The best place to touch down is Queretaro Airport, an hour’s drive from the hotel. It can be reached directly from Mexico City and select US airports, including Dallas/Fort Worth, Atlanta and Chicago Midway.
The hotel is right in the middle of the action, so you won’t be needing a car unless you want to explore the surrounding countryside. You’ll be able to walk to most of the sights and taxis are cheap and plentiful. If you do want to hire, the Smith24 team can arrange it.
Worth getting out of bed for
With a pool on the roof and all the diversions of the Concept House beneath your feet, you can entertain yourself for hours without even leaving the building. Browse boutiques selling ceramics, tequila and bespoke leather jackets or sample coffee, cocktails and Mexican snacks. Leaning towards lounging? Kick back with a book in the library or on the sun-trapping roof terrace.
In the Thirties, an influx of artists and artisans transformed San Miguel from a quiet colonial town into a cosmopolitan and creative haven. This legacy is still clearly visible in its thriving markets, where traders peddle everything from hand-painted porcelain to jade-studded bracelets. One of the best places to pick up authentic Mexican crafts is the Mercado de Artesanias, a covered market that’s open daily and chock-full of handmade goods. On Saturdays, don’t miss the Tianguis Orgánico in the Instituto Allende art school, selling organic cakes, chocolate, cheeses and more. If you want an experience similar to the Concept House, pay a visit to Fábrica la Aurora, a refurbished textile mill filled with cafés, art studios and antique shops. For a slug of national history and fine drinking rolled into one, book a tour and tasting at La Casa Dragones, a famous cavalry stables turned small-batch tequila producer. Dating from 1671, the stables were once home to the horses of the Dragones of San Miguel, an elite cavalry regiment enshrined in history thanks to their decisive role in Mexico’s independence campaign. Today, the place is entirely given over to the production of their crystal-clear tequila, a spirit as smooth and sippable as an aged Scotch.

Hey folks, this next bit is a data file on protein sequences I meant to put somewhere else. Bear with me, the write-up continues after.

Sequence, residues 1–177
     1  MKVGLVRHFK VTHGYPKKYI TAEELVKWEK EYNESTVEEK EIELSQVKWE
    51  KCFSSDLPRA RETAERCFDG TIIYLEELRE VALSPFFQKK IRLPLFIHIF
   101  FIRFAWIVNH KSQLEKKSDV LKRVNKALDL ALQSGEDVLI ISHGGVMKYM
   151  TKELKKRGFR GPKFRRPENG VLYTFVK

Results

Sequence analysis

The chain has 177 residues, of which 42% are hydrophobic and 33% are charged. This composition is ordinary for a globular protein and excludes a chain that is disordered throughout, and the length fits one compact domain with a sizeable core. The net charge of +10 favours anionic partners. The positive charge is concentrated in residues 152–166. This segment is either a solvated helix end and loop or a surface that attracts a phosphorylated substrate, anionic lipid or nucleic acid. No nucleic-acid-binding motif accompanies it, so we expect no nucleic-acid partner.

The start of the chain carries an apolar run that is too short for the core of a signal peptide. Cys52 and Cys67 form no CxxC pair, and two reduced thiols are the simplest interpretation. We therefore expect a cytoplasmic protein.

On your first visit, it’s worth braving the crowds to peek inside the Parroquia de San Miguel Arcángel, the parish church that soars over the skyline like a giant pink wedding cake.
For brunch, book a table in the refined dining room at Moxi, serving Mexican cuisine with an international lean. On Saturdays, they serve a fixed brunch menu that usually runs to several courses. For a laid-back lunch, try Cevichería la Muy Muy, a stripped-back, modern restaurant serving simple seafood dishes and craft cocktails. For something a little smarter, try the The Restaurant. The tables at this enigmatically-named eatery are spread between an 18th-century Moroccan courtyard and an elegant dining room, where American chef Donnie Masterton serves his high-end comfort food, made with the best local produce he can get his hands on. Stylish fine dining can be had at Aperi, helmed by Franco-Mexican chef Olivier Deboise. Both the à la carte and tasting menus are a treat, with the fish and seafood winning particularly high praise.
Every hotel featured is visited personally by members of our team, given the Smith seal of approval, and then anonymously reviewed. As soon as our reviewers have returned from this creative-hub hotel in San Miguel de Allende and unpacked their custom leather jacket bought from DanCassab, a full account of their Mexican city break will be with you. In the meantime, to whet your wanderlust, here's a quick peek inside L'Otel at Dôce 18 Concept House in San Miguel de Allende…
When shopkeeper Isaac Cohen first bought the long, low house on Relox 18, it was only one storey high – and unfinished at that. Part of the building was given over to his shop, and there was no garden to speak of, only space for horses and a vegetable patch. It was not, then, one of those palatial casas that often become hotels – but his ceaseless entrepreneurialism would change that. A Syrian native, Isaac had learnt the art of selling long before travelling to Mexico, and he had a knack for sourcing just what his customers wanted. As his business expanded, so did the house, eventually sprouting a second, more decorative storey topped with stone animals.
More than a century after the Cohens moved in, the casa became the Concept House, once again playing host to visionaries and entrepreneurs. Echoing San Miguel’s artistic leanings, it’s now filled with small shops, eateries and ateliers showcasing the talent of some of the city’s brightest creatives. Anyone staying in one of the stylish rooms – which are decorated in cooling whites and have alfresco baths or showers – have a host of diversions to keep them entertained, and access to buzzy areas like the Library and sun-soaked roof terrace. If you’re coming to the city with the hope of rubbing shoulders with San Miguel’s creative community, you couldn’t be staying at a better place.
You’ll also find L'Otel at Dôce 18 Concept House in: